• Proactive Vulnerability Management: CTI identifies near-term exploitable vulnerabilities by monitoring discussions in underground forums and dark web marketplaces. This intelligence allows organizations to patch or mitigate vulnerabilities before they are exploited by attackers, staying one step ahead of potential breaches.
  • Cybercrime-as-a-Service Monitoring: The rise of cybercrime-as-a-service platforms has made sophisticated cyberattacks accessible to a broader range of actors. CTI tracks these platforms, providing early warnings about new services and tools that could be used against the organization. This knowledge enables security teams to prepare specific defenses against these emerging threats.
  • Advanced Threat Detection: CTI enhances threat detection capabilities by integrating intelligence on new attack vectors and TTPs (Tactics, Techniques, and Procedures) employed by threat actors. This integration ensures that protective technologies such as intrusion detection systems (IDS) and security information and event management (SIEM) systems are finely tuned to current threat landscapes.
  • Strategic Security Policy Development: By leveraging CTI, organizations can develop more effective and informed security policies and protocols. This strategic approach to policy development helps ensure that security measures are both comprehensive, and targeted to the threats most likely to impact the organization.

Detect (DE)

Can you identify a cybersecurity threat quickly? 

Once an attack occurs, dwell time is an important metric that correlates to business impact. The quicker you can uncover a threat, the better as dwell time directly impacts how severe the consequences are for the business. This stage of the framework means implementing continuous monitoring systems, so that you can detect anomalies and security events as soon as they occur, assess their impact in real-time, and verify how effective protective measures will be.

Compliance regulators recognize that not every attack can be stopped before it occurs — and will look at how you react when the worst happens. Think about how you’re going to identify an attack at the earliest stages, and obtain the information to act appropriately.

CTI’s Role in Enhancing Detection Capabilities

Cyber Threat Intelligence (CTI) greatly enhances an organization’s ability to detect breaches swiftly and accurately, often before significant damage is inflicted. Here’s how CTI contributes to strengthening detection capabilities:

  • Early Identification of Data Leaks: CTI monitors various channels, including the dark web, where stolen data such as personally identifiable information (PII) and intellectual property (IP) are often traded. By detecting these leaks early, organizations can initiate swift containment measures to mitigate the impact and begin the process of breach management.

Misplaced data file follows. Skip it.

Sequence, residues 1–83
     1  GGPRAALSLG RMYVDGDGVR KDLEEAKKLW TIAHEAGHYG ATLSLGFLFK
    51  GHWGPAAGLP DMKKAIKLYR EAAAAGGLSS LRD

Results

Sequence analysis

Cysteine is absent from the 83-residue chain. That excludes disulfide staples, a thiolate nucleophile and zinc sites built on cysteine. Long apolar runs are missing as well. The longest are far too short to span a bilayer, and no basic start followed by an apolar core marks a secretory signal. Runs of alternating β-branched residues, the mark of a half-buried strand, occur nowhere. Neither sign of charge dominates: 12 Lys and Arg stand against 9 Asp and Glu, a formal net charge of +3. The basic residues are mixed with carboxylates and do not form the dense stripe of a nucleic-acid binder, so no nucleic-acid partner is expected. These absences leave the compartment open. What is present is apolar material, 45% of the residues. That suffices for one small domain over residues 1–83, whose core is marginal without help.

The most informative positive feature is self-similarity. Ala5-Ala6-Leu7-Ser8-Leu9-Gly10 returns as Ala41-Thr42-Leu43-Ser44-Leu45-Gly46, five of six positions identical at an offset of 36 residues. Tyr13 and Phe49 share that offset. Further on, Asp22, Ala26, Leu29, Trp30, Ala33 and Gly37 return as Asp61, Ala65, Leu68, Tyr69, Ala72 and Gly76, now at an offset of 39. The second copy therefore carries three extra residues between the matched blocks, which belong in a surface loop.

• Detection of Unauthorized Asset Access: CTI tracks the sale and use of info stealers and other tools that facilitate unauthorized access to organizational assets. This monitoring helps detect breaches involving critical assets and systems, allowing for immediate response to prevent extensive damage.
  • Targeted Campaign Detection: CTI provides insights into targeted campaigns against organization’s executives, such as Business Email Compromise (BEC) and other phishing attacks specifically designed to manipulate or deceive top-level management. Early detection of these campaigns can prevent substantial financial losses and protect the integrity of executive communications.
  • Regulatory Compliance and Breach Notification: With stringent regulations like GDPR requiring notification of certain types of data breaches within 72 hours, CTI’s role in detecting breaches promptly is critical. CTI enables organizations not only to identify breaches early, but also to gather necessary details to comply with breach notification laws effectively and within the required timelines.

Respond (RS)

How will you minimize the impact of a security threat? 

During a cyberattack, rapid and informed response is critical. This includes sharpening processes for incident management, analysis, communication, reporting, and mitigation. One of the best ways to prepare for an incident ahead of time is to have robust response planning sessions where playbooks and guidelines are codified that can be put into action if an attack occurs. According to NIST, the Respond stage focuses on the development and implementation of appropriate activities that need to be taken when an incident has been detected. It is where these response plans are executed, and also covers how communications are managed, both during and after an event happens, all in service of mitigating active risk to the organization, and containing the impact of a cybersecurity attack. After the attack, by analyzing how effective incident response was, security teams can shore up defenses and close any gaps, as well as supporting their reporting requirements and helping meet compliance mandates.